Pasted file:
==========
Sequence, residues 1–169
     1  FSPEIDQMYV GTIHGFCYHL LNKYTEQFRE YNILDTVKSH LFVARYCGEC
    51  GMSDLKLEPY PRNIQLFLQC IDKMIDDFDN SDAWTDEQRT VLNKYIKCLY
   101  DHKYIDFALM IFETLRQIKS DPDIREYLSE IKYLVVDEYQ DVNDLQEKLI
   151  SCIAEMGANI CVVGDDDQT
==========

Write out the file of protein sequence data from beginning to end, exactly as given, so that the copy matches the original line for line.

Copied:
Sequence, residues 1–169
     1  FSPEIDQMYV GTIHGFCYHL LNKYTEQFRE YNILDTVKSH LFVARYCGEC
    51  GMSDLKLEPY PRNIQLFLQC IDKMIDDFDN SDAWTDEQRT VLNKYIKCLY
   101  DHKYIDFALM IFETLRQIKS DPDIREYLSE IKYLVVDEYQ DVNDLQEKLI
   151  SCIAEMGANI CVVGDDDQT